Are you getting ready to send out holiday cards to your family, friends, or customers? Or maybe you’re sending birth or graduation announcements instead. You already have a big Excel mailing list, so how do you get the information from Excel onto mailing labels? Read more about how to make Christmas card labels in this lesson below!
How To Make Your Own Christmas Card Labels
Create Christmas Card Labels with Usable List in Table Format
First, your Excel list needs to be in a usable format. When you “merge” your data into Word, each column in Excel becomes a “field” that Word can use exactly as it is in your spreadsheet. For example, I call may call my aunt “Aunt Betty,” but her mail is addressed to “Mrs. Elizabeth Smith.” In my spreadsheet, I have a column called “Envelope Name” which is separate from the “Name” or “Relationship” columns. That’s okay. We will tell Excel which columns to use and which to ignore.
For today’s lesson, create this “Mail List” spreadsheet and save it. Later you may customize it or use your list. By having a separate last name column, I can sort alphabetically by the last name. I keep the city, state, and zip code in separate columns so that I can filter my list by state.
Format your list as a table, and add a Totals Row. Instead of a “Total” though, use the “=COUNTA()” formula which counts cells that have something typed inside. Short-cut: Remove the word “Total,” then click the drop-down arrow in your Totals Row, and select “Count.”
You MUST save your Excel spreadsheet before you set up the mailing labels in Word, so keep and exit Excel.
Start Word’s Mail Merge
The process you are learning today is called “Mail Merge” because we are merging mail list information from Excel into Word. Open a blank Word document and save it as “Mailing Labels.”
Click on the Mailings tab. See the “Labels” button on the left? That’s NOT what we want today. Instead, go to:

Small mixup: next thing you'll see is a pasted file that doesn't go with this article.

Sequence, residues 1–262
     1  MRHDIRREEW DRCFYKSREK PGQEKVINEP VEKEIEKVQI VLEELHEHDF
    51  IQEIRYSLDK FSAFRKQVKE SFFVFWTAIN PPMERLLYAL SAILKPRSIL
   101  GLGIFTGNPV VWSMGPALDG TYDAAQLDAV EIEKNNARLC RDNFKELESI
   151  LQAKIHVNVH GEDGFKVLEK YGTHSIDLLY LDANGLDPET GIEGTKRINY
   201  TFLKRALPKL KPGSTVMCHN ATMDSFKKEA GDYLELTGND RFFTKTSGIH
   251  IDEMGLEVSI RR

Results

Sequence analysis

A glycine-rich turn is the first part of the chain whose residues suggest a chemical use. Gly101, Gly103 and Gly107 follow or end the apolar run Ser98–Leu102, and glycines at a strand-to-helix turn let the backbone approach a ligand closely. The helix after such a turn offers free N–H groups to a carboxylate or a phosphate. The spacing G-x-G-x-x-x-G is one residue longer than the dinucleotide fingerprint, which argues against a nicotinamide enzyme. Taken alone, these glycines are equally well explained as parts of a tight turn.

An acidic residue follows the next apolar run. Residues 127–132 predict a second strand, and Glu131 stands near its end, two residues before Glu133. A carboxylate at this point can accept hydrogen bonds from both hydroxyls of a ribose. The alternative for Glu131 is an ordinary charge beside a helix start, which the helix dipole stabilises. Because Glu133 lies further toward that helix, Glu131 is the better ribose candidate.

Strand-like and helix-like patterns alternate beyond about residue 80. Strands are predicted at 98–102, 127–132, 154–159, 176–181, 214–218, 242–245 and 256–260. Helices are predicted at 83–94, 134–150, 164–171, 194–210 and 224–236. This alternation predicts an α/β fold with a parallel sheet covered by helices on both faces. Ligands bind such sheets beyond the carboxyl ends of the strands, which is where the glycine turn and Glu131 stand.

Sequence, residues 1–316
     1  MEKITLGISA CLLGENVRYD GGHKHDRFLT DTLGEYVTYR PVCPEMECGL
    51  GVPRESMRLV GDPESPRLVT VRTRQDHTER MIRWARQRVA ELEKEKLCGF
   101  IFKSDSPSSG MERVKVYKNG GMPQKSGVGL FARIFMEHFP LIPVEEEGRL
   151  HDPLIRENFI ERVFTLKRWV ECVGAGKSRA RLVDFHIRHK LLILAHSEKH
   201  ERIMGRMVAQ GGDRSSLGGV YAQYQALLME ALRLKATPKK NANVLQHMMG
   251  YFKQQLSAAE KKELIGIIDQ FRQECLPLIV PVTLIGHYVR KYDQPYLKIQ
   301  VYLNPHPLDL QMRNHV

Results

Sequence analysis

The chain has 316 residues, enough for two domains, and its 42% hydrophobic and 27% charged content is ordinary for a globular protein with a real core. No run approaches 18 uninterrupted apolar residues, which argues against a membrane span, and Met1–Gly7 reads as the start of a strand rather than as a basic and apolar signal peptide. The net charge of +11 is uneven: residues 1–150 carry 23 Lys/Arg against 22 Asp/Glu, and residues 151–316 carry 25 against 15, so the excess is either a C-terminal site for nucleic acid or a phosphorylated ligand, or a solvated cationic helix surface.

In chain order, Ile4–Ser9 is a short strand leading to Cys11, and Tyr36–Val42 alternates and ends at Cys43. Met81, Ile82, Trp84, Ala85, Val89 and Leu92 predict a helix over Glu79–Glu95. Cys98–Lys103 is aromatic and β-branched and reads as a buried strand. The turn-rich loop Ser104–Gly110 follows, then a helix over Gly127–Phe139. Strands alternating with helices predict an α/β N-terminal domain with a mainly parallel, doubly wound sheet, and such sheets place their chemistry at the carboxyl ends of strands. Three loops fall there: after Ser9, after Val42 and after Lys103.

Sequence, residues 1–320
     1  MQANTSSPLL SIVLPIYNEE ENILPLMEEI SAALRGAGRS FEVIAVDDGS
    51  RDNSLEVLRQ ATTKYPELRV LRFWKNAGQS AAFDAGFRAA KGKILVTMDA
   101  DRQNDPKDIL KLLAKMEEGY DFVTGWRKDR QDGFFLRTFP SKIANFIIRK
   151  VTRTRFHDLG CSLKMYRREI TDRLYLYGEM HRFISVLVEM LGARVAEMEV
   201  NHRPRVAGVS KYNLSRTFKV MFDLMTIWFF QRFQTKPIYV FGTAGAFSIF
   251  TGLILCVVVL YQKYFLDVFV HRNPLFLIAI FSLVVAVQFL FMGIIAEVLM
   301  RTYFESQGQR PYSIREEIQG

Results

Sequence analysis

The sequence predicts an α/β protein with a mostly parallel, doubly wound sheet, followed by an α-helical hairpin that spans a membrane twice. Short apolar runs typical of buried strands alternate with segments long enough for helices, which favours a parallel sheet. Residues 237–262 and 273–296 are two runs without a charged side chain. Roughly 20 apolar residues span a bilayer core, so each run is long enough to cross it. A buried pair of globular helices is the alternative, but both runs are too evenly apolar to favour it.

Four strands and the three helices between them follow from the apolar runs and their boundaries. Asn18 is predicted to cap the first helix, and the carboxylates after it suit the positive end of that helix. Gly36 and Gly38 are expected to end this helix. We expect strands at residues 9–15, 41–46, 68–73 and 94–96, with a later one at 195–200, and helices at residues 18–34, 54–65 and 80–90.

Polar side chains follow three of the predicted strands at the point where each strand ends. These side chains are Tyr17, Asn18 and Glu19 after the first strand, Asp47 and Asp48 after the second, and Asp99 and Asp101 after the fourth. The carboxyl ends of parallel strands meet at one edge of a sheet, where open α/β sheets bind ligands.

- Mailings tab>Start Mail Merge section>Start Mail Merge drop-down arrow
All those options: Letters, Envelopes, Labels, even E-mail for Outlook only! The same Mail Merge procedure works in all those formats. Today, choose Labels, and the Label Options window will appear.
At this point, you will need to grab your actual box of labels. Every box of labels is slightly different. The standard for mailing labels is a product called Avery 5160: 30 mailing labels to a sheet.
In my lesson, I’ll be using Avery 5160s, but you use your labels. Using the drop-down menus in the “Labels Window,” scroll to the company that makes your labels, then scroll to the product number. Click “OK.”
Your blank page is still a blank page, but a new tab appears on the menus called “Table Tools.”
- On Table Tools>Layout>click View Gridlines
So you can see all a faint outline for each label.
Now we must tell Word where to find our Excel mailing list.
- On the Mailings tab>Start Mail Merge section>Select Recipients drop-down arrow>Use an Existing List
Excel will open a “Select Data Source window.” Just like in File Explorer, point to the Mailing List spreadsheet we just created, and click “Open.”
The Select Table window will appear and point to the “Mailing List” table we created in Excel.
When you click OK, Word gets your labels ready and creates a “Next Record” command in all but the top label. In the top label, Word is looking at the first row or “record” of our Excel table and waiting to see which columns or “fields” to use.